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Mahwah Company Sponsors Service Dogs For Veterans

Veteran James Brereton brought his service dog, Bernie, to Stryker's military appreciation event with K9s for Warriors in Mahwah.
Veteran James Brereton brought his service dog, Bernie, to Stryker's military appreciation event with K9s for Warriors in Mahwah. Photo Credit: Stryker
Bill Huffnagle, president of Stryker’s Joint Replacement Division, welcomed K9s for Warriors founder Shari Duval and Army and Marine veteran James Brereton with his service dog, Bernie.
Bill Huffnagle, president of Stryker’s Joint Replacement Division, welcomed K9s for Warriors founder Shari Duval and Army and Marine veteran James Brereton with his service dog, Bernie. Photo Credit: Stryker

MAHWAH, N.J. – Each day, about 20 military veterans throughout the United States lose their lives to suicide, according to the U.S. Department of Veterans Affairs.

James Brereton almost became one of them, as he explained during a recent ceremony in Mahwah.

The Army and Marine veteran, who served seven tours overseas, credits his dog, Bernside, or Bernie for short, with saving him.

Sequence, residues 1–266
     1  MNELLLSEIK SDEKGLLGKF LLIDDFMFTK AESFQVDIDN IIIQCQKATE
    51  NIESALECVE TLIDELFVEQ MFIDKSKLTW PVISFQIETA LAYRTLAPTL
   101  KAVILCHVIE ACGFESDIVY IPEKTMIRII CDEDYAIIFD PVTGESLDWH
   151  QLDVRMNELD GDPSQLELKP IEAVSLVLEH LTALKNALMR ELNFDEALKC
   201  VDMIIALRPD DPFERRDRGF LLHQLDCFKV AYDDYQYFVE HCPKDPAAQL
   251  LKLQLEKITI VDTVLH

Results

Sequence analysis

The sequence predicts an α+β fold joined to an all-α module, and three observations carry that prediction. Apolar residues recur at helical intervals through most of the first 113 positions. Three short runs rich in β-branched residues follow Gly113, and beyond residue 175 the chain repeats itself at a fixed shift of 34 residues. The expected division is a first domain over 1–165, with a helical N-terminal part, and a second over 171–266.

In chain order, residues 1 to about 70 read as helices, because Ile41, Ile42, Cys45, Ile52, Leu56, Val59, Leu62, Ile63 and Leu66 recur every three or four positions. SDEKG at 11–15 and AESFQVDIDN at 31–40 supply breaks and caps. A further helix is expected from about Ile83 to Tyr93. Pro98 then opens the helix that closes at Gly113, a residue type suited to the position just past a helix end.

“If I didn’t have him, I wouldn’t have made it,” Brereton said during a ceremony at Stryker Orthopaedics’ Mahwah campus last week.

Stryker held the program to announce it was sponsoring its fifth service dog through K9s for Warriors. The nonprofit rescues and trains service dogs, then links them with veterans with post-traumatic stress disorder, traumatic brain injury or other trauma resulting from military service.

“We are really thrilled to be helping out with this organization,” said Bill Huffnagle, president of Stryker’s Joint Replacement Division. He presented Shari Duval, the organization’s founder, with a $20,000 donation to sponsor a dog.

Duval started K9s for Warriors after her son, Brett Simon, came back from Iraq physically “unscathed,” she said. “Then I looked in his eyes, he wasn’t there. He was gone … I thought, 'I got to save my kid.'”

Simon had been a K9 police officer, before joining the Army. Duval said she read up on service dogs and learned they had been used for veterans, but there wasn’t much data. She got a dog for her son to train, and it has helped him tremendously, she said.

The organization has placed over 250 dogs with veterans, Duval said.

“It gives them the confidence to go back out in society again with dignity and independence,” she said.

For Brereton, whose yellow Lab Bernie hasn’t left his side since the two were paired in August, the program truly changed his life.

Brereton was the sole survivor of an ambush, leaving him wounded and with PTSD. Returning to civilian life was challenging, and the weight of this trauma became almost unbearable.

“The moment I laid eyes on this dog, I knew I was going to make it,” he said as he stood on stage with Bernie.

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